The 71st anniversary of the Kielce Pogrom

Various groups and societies took part in the organization of this year’s anniversary. A prayer at the Jewish cemetery in Kielce, recited by the Chief Rabbi of Poland, was joined in by representatives of different religions and faiths. Various Jewish communities co-organized ceremonies at the Menorah monument and in front of the former synagogue in Kielce. Celebrations at 7 Planty Street were prepared by young residents of Kielce.

The main celebrations of 4 July were preceded by two events. From 26 June to 1 July, a review of films on the Kielce Pogrom entitled ‘O-pamiętanie’ [Awakening – Remembering] was organized. Five films were presented. The oldest ones, ‘Widzowie’ [Witnesses] by Marcel Łoziński (1986), ‘Pogrom. Kielce: 4 lipca 1946’ [The Pogrom. Kielce: 4 July 1946] (1996) and ‘Henio’ (1999) directed by Andrzej Miłosz and Piotr Weychert, are the accounts of witnesses and victims of the tragedy.

Two recent films, ‘Amnezja’ [Amnesia] (2015) and ‘Planty 7/9’ (2016), are a reflection on memory and on the path to reconciliation. The screenings were also an opportunity for discussion, leading to a lot of excitement – one older man from the audience, who seemed very moved, said that one of the films about the Pogrom brought back memories and images of the pacification of his village, which the man witnessed as a child.

On 3 July, at the Witold Gombrowicz Regional Public Library, the promotion of the book ‘Pamięć – Dialog – Pojednanie’ [Memory – Dialogue – Reconciliation], which records the events related the 70th anniversary of the Kielce Pogrom, took place. A meeting with Bogdan Bialek, president of the Jan Karski Society, was conducted by Magdalena Smożewska – Wójcikiewicz, a journalist from Radio Kielce. ‘Reconciliation is not an act of justice. What does it mean? It means no preconditions. Reconciliation is reaching out to others. Last year, Rabbi Michael Schudrich said that reconciliation means doing something together – that is reaching out to others’, said Bogdan Białek.

Traditionally, the first part of the main celebrations took place on 4 July at noon at 7 Planty Street. Flowers were laid by the mayor of Kielce, Wojciech Lubawski, representatives of the President of the Republic of Poland as well as the Świętokrzyskie Region voivode and local government institutions.

The main celebrations, co-organized by the Chief Rabbi of Poland, Miacheal Schudrich, began at 2 p.m. at a Jewish cemetery in the Kielce district of Pakosz. Before reciting prayers, the Rabbi said that when pain is so intense that it cannot be expressed in words the only thing that we can resort to is prayer. Representatives of various religions and faiths took part in the prayer at the cemetery, each of them reciting prayers in their own tradition: Secretary of Supreme Council of the Muslim League in Poland, imam Abdul Jabbar Koubaisy, a Buddhist monk, Michał Czernuszczyk, representing Kannon Zen Community of Warsaw, Fr. Michał Jabłoński, pastor of the Evangelical Reformed parish in Warsaw and Catholic priests, Fr. Mirosław Cisowski, delegate of the Bishop of Kielce, who assured of his spiritual presence, Fr. Wiesław Dawidowski, minister provincial of the order of St. Augustine in Poland, Fr. Jan Oleszko, rector of the church of the Karczówka monastery in Kielce, and Fr. Jacek Kopeć, head of Catholic Schools of the Kielce Diocese. ‘We Christians, Jews, Buddhists, Muslims and atheists remember today the cruel time when blood dropped in price. We are looking with pain at the present times, searching for the hope for future without hatred and contempt’, said Bogdan Białek.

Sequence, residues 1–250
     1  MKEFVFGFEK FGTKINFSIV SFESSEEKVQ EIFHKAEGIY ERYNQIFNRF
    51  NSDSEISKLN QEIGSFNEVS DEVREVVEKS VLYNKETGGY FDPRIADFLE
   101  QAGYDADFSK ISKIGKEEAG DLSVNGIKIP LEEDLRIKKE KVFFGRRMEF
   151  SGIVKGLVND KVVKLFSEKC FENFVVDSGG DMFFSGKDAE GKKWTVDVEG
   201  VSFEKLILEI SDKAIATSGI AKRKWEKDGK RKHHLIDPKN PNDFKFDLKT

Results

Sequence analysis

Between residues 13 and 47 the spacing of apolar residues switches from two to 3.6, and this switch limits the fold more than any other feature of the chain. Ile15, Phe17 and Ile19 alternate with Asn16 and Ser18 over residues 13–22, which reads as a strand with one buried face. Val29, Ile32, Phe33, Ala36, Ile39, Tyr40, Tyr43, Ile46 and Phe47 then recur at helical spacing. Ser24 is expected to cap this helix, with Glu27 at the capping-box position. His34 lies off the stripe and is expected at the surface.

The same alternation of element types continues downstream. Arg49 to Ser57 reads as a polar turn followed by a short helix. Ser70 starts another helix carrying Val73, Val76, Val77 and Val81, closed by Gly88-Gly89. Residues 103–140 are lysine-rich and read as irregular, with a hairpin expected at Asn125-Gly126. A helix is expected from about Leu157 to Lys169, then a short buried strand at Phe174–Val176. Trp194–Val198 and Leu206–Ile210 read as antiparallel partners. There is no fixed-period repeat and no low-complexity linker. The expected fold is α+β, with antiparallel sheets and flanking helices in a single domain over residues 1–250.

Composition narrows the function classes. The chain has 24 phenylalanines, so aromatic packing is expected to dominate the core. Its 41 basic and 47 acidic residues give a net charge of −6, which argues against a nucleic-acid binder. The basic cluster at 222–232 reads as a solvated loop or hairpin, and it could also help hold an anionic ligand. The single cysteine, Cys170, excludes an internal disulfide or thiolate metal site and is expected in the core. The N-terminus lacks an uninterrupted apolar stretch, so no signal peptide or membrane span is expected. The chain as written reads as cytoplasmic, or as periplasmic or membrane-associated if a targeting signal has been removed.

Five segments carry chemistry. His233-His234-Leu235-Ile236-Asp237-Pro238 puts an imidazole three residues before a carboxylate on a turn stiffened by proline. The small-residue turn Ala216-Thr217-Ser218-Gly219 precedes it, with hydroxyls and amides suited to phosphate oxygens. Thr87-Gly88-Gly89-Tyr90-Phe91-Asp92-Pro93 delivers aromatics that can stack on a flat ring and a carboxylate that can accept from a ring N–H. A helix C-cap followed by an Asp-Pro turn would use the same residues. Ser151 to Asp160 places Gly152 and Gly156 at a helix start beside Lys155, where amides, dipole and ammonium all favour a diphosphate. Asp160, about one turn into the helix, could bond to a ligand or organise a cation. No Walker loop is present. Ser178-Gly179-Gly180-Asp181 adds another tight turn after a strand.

The ceremony at the Menorah monument was led by Artur Hofman, president of the Social and Cultural Society of Jews in Poland. As he pointed out, that institution continues the work of Jewish committees established after World War II, one of which had its seat at 7 Planty Street in Kielce. At the monument dedicated to the Kielce Jews, victims of the Holocaust, Hofman reminded us that both the Holocaust and the Kielce Pogrom had the same source, which was hatred. Then, in this special place that witnessed the executions of the Kielce ghetto’s residents, Jewish melodies were played on the violin.

The event which took place at 7 Planty Street, organized by young residents of Kielce and led by Anna Brzezińska, a 16-year-old junior school student, was very moving. The young people read out the inscription from the grave of the Pogrom’s victims in four different languages and then prayed with the words of psalms. The prayer was followed by a heartrending testimony of one of the victims of the 1946 events. While reading out the names of the victims, the young people were writing them with chalk on the pavement in front of the building and then lit candles. The youngest victims of the Pogrom, pupils of the Ichud Kibbutz who were preparing to leave Kielce for Palestine, were also commemorated. Short biographies of three of them were read out and then a well-known Jewish lullaby in Yiddish was sung. This part of the celebrations was particularly moving for Rabbi Michael Schudrich, who said: ‘The victims of the Pogrom were rather of your age than mine. However, you give hope to all of us’.

A concert by an American female cantor and music educator, Cindy Paley, and a member of Klezmaholics band, Piotr Mirski, was the last part of the anniversary celebrations. The concert, which took place in front of the former synagogue in Kielce, was conducted by Rabbi Haim Dov Beliak. Before the event, Vir Bonus prize was awarded to Robert Kotowski, director of the National Museum in Kielce. Bogdan Białek referred to the Museum of Dialogue, a unique and remarkable work of Kotowski, described by the prize winner as a modern and interactive meeting place. This modern facility is a place where views and experiences can be shared freely, learning about other cultures and deepening understanding about one’s own heritage.